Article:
A good mesh is key to any successful Finite Element Analysis and extracting accurate, valid results. So, what happens when all we get from the mesher in SOLIDWORKS Simulation is this?
There are many reasons this message can appear, and my goal for this article is to provide some useful steps in identifying the source of mesh failure, provide insights into the operations of the mesh algorithm, and ultimately resolve the mesh failure.
The first step is to check to see if there are multiple bodies in the study. If so, apply a finer mesh control on each of the bodies that are failing. A finer mesh can often resolve mesh failures by decreasing the size of elements on small features or thin model geometry. If there are any noticeable small or thin features, then it would be best to apply a finer mesh on these faces as well.
Red mesh icons in the ‘Parts’ list of the Simulation study tree indicates a mesh failure while green icons indicate a successful mesh, as shown below.
On the next attempt, if you haven’t done so already, try meshing with the ‘Curvature-based mesh’ under ‘Mesh Parameters’ and turn on the option for ‘Remesh failed parts with incompatible mesh’ under ‘Advanced’ after all mesh controls have been applied.
The Standard mesh is going to yield a mesh with elements that are more uniform in size and orientation, and thus, can be restrictive. The Curvature-based mesh is not restricted in this way, which allows more freedom for the mesh algorithm to complete. However, also consider that the Standard mesh can reduce run-time for the solver, especially for Frequency studies, so there are benefits for each mesh type. Similarly, turning on the option for ‘Remesh failed parts with incompatible mesh’ gives the SOLIDWORKS Simulation mesher additional freedom to mesh the interfaces of components independently so the sizes of the elements can be dissimilar.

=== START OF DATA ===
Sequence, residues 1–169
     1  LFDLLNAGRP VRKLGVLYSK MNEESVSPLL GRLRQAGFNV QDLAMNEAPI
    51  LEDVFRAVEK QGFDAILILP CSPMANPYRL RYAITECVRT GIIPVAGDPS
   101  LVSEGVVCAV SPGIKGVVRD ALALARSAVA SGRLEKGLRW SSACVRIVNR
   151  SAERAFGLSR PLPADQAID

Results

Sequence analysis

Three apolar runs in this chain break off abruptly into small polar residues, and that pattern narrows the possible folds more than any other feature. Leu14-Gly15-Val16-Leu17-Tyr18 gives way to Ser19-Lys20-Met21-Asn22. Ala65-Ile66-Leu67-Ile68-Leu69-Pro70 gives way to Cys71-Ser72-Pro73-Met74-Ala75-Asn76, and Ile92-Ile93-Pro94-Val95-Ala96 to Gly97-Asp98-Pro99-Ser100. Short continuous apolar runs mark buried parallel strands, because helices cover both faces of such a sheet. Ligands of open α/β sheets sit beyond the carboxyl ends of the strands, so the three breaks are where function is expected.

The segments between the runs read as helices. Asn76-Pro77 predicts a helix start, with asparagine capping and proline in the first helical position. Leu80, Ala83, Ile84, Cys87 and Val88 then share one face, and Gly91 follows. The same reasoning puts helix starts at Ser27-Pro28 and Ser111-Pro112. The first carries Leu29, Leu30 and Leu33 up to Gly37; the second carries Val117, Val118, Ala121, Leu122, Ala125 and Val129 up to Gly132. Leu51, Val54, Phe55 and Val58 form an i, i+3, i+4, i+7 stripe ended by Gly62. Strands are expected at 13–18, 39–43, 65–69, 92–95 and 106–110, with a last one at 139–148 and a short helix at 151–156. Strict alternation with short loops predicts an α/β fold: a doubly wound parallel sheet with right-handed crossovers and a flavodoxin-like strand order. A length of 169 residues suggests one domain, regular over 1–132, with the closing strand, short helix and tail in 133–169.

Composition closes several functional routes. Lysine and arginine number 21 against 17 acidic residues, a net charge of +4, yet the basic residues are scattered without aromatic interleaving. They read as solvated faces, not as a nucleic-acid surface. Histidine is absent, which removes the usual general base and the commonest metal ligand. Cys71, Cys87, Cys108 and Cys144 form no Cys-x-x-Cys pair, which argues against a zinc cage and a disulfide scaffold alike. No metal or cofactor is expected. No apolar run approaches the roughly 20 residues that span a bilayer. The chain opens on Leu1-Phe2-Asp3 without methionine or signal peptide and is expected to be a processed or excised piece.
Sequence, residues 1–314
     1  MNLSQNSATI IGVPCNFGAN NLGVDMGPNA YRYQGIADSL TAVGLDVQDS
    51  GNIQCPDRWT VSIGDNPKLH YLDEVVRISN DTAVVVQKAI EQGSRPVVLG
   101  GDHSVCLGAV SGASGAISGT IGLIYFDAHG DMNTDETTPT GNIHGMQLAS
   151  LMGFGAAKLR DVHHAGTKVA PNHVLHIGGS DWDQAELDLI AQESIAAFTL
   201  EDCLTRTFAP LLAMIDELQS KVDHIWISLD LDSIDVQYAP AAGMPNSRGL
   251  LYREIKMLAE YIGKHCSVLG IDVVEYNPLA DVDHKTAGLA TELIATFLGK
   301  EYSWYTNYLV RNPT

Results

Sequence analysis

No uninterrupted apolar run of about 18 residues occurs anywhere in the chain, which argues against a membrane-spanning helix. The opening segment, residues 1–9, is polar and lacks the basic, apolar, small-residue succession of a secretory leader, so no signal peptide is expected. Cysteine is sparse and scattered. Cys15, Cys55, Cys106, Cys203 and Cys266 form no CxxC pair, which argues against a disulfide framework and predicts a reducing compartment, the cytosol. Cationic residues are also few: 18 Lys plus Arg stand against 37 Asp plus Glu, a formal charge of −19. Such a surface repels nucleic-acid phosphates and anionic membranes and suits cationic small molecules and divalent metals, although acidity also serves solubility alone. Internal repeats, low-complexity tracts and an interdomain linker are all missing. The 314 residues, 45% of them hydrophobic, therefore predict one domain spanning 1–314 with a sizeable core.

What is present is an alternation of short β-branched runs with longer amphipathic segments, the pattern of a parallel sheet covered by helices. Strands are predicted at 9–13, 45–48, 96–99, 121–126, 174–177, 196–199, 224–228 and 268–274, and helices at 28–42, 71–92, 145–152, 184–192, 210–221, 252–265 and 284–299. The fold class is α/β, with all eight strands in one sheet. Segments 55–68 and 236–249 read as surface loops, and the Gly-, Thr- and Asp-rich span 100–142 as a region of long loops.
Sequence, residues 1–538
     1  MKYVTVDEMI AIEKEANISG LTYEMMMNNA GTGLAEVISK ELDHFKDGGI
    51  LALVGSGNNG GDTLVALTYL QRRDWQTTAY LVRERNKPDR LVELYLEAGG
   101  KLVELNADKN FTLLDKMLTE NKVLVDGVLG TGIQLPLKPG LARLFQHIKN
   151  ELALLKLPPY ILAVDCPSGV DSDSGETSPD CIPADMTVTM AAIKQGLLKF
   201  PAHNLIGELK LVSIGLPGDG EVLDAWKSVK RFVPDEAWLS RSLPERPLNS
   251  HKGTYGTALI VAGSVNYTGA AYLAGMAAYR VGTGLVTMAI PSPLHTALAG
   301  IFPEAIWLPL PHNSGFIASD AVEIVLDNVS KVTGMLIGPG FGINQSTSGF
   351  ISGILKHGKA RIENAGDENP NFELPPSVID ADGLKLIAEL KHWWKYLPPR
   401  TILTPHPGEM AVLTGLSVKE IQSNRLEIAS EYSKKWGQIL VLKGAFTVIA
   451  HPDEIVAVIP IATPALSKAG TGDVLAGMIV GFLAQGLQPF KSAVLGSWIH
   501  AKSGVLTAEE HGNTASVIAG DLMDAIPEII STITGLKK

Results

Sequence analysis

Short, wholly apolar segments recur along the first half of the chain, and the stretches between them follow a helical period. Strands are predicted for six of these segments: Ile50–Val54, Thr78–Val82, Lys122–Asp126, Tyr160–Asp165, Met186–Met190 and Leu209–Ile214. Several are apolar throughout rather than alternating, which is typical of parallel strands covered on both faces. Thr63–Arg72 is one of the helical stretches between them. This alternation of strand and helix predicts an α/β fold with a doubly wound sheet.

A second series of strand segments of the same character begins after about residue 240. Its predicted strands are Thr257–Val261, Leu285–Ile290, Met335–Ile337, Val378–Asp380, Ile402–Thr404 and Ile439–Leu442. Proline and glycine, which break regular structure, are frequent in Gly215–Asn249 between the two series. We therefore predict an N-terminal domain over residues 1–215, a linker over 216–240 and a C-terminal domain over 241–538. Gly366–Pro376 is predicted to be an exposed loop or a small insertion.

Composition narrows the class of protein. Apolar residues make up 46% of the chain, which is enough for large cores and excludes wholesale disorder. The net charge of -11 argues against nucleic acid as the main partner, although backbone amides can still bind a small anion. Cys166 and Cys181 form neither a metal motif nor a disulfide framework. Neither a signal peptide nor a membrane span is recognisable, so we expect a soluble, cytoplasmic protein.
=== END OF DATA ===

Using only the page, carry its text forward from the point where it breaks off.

If one or more components are still failing to mesh it is likely the model geometry that is the culprit. The next logical step is to create a new study so that only the body that is failing to mesh is included. Define a shell for this solid body by right clicking on the body in the Simulation tree and select ‘Define Shell by Selected Faces…’ and select all of the faces on the body (you can click on a face before defining the shell, use the ‘invert selection’ tool, and save it as a new selection set to save some time here).
For a solid body mesh it is generally not possible to see which geometry fails to mesh. The benefit of applying a shell mesh to each of the solid’s faces is going to provide a visualization for any faces that might not be meshing. After defining the shell and creating the shell mesh we can see the results. As shown below, any holes or missing faces in the shell body indicate problem areas for SOLIDWORKS Simulation.
The meshing algorithm works by first placing nodes along every edge of the model, attempting to space them apart using the size parameters defined during mesh creation. It then uses 2D elements to connect each node and fill every face of the geometry and, again, attempts to size the elements based on the parameters. For solid elements, it goes on to fill in the internal volume of the part with tetrahedral elements using the 2D elements as an outline. Therefore, if the shell mesh is successful at capturing all the faces of the geometry then there is most likely a thin feature that the 3D tetrahedral elements are unable to fill. On the other hand, if there are holes in the shell mesh, as previously depicted, then the meshing algorithm is unable to fill the holes and either the model geometry should be adjusted accordingly, or a finer mesh will be needed near these areas.
Other useful tools for checking geometry are ‘Check…’ (Tools -> Evaluate -> Check…)
and ‘Geometry Analysis’ under and Tools -> Geometry Analysis.
These tools can help in identifying short edges, sliver faces, knife edges, and invalid geometry, all of which can cause the mesh to fail. For this model, there are 5 short edges where the holes of the shell mesh were located, which indicates this feature is the reason for the mesh failure.
After cleaning up the model geometry, the check geometry tool no longer shows short edges and the body is ready to mesh the part as a solid again.
Support Engineer – Simulation
Computer Aided Technology, Inc.
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